Dr. Froswa' Booker-Drew: It makes me so proud to see how you all are coming together to do this. I'm originally from Shreveport, Louisiana, and that's where I grew up. And so, to be able to see what's happening in my home state makes me so proud to watch from Dallas. So, thank you all for what you do.

Casey Phillips: First, while that is a great segment because as you've helped bring the work to Dallas, it's coming. We're talking about philanthropy and where it works, how it works. But the other side, the yang to it is there's a darker side to philanthropy, right? And first, a while you write about it, and I've heard you speak on it when philanthropy has intended or unintended consequences of oppression, right? Did you maybe want to lift up a little bit about that? I'm not trying to ruin any good vibes, but it's important to look at all different sides of it and then we can build back into the light.

Dr. Froswa' Booker-Drew: I think the unintended outcomes sometimes can be, we have to be careful in thinking that we know what people need. Even as a black woman, the black community is not monolithic and I cannot speak for an entire group of people. And so I think it is very dangerous when we make assumptions and go on stereotypes to then make decisions on how we interact with communities and fund them. So even in our well-intended activities, I think we have to be very careful in making sure that once again, we are bringing the people who have the lived experience to speak into what their needs are instead of assuming, because I've read a book that I understand.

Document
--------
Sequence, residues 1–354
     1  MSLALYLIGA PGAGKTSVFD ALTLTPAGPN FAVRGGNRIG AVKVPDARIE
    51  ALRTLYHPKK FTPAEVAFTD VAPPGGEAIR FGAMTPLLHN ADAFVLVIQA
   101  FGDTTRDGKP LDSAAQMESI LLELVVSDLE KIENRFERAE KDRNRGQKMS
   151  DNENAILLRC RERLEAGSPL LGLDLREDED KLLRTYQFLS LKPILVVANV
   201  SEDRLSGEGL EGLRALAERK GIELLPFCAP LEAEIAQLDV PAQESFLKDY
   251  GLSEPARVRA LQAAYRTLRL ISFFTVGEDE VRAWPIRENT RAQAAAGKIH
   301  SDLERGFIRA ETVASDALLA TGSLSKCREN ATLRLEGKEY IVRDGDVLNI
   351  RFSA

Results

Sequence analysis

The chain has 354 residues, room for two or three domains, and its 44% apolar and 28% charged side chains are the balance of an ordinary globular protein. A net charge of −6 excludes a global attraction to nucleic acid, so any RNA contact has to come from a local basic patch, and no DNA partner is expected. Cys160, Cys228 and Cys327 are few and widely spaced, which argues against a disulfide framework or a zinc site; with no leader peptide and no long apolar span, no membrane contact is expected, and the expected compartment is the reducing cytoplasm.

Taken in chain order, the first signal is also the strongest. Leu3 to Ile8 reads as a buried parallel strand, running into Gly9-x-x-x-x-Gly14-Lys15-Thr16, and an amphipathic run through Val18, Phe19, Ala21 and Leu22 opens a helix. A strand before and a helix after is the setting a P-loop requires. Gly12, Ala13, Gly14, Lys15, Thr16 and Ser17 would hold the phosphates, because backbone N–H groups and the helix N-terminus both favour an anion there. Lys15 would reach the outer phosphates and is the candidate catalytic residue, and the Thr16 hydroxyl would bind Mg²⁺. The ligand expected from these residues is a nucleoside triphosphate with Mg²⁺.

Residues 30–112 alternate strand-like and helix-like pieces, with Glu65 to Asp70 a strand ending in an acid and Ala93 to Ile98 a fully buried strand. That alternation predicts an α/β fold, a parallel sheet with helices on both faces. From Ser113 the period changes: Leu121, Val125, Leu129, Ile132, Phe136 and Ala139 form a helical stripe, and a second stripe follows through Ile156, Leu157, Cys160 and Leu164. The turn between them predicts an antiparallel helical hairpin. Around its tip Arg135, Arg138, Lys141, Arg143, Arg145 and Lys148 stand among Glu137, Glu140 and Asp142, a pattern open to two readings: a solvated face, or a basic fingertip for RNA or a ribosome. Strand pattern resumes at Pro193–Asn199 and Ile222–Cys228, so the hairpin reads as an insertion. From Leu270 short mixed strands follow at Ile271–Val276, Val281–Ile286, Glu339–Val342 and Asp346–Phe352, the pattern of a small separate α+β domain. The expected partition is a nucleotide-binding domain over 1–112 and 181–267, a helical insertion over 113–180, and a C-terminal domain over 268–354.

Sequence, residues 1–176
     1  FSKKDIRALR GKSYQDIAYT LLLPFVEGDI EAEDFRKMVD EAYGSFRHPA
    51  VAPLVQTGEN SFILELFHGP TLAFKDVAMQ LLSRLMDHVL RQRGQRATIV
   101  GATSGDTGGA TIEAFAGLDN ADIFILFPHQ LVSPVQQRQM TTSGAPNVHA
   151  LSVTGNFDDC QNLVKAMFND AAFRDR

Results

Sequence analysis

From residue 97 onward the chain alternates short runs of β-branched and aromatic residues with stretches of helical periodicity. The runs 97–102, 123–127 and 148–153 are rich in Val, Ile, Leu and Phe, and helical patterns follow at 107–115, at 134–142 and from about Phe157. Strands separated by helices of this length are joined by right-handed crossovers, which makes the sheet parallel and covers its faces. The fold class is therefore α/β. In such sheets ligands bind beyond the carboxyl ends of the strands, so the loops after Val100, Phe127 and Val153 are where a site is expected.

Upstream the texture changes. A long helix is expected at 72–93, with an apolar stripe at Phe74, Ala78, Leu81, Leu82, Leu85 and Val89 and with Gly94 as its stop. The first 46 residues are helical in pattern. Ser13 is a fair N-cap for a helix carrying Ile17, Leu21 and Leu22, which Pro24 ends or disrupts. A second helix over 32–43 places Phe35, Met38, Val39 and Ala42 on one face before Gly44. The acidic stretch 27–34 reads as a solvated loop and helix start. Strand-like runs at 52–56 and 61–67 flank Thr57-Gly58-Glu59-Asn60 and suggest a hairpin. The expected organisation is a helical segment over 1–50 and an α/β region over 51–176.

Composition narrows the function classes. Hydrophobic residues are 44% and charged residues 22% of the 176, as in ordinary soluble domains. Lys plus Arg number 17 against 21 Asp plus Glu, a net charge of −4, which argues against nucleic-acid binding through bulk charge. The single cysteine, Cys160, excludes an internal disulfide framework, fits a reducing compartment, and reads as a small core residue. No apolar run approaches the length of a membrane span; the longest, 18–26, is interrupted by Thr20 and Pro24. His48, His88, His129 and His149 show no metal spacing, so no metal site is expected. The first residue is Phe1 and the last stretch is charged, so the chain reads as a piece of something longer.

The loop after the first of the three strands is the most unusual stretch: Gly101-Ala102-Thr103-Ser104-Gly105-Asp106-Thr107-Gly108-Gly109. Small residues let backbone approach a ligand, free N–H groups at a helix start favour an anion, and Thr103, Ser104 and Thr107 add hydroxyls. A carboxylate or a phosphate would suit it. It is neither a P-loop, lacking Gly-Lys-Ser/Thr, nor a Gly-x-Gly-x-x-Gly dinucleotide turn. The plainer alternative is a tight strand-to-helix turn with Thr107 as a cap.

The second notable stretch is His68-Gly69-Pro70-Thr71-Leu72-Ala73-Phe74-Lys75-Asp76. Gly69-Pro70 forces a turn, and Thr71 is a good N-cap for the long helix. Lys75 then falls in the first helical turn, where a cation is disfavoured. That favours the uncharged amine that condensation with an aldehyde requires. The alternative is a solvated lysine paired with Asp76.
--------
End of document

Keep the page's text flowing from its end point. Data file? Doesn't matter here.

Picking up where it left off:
Donna Saurage: You are a hundred percent correct. I absolutely agree with you. If there's one thing an organization or a philanthropist cannot do is said, I want to do this to you. You're thinking for you, that's not going to work. And that's why any, in any issue, we need to listen to those that need to what they really need. So I agree a hundred percent. I'm the government and I'm here to help you. We don't want to be that.

Casey Phillips: Donna, what are your what are your recommendations?

Donna Saurage: I have all these books on philanthropy. I was one of the founders of the Louisiana Association of Nonprofit Organizations about 25 years ago, and we started having these wonderful speakers in, at our yearly conferences, which were huge. Hey, sprinkle Grace, a High Impact Philanthropy Claire Gani the Greater Good philanthropy and Smart in Caring, A Donor's Guide to Major Giving by the Livingston's. There's so many wonderful books out there that and the, these are not new books, these are older books, but I, but if you could, I don’t know, can you see all the tabs on 'em? I really go back to them and I read them. Education we just have to continue learning, continuous learning about this, but I think the principles of 15, 20 years ago are still the principles of today.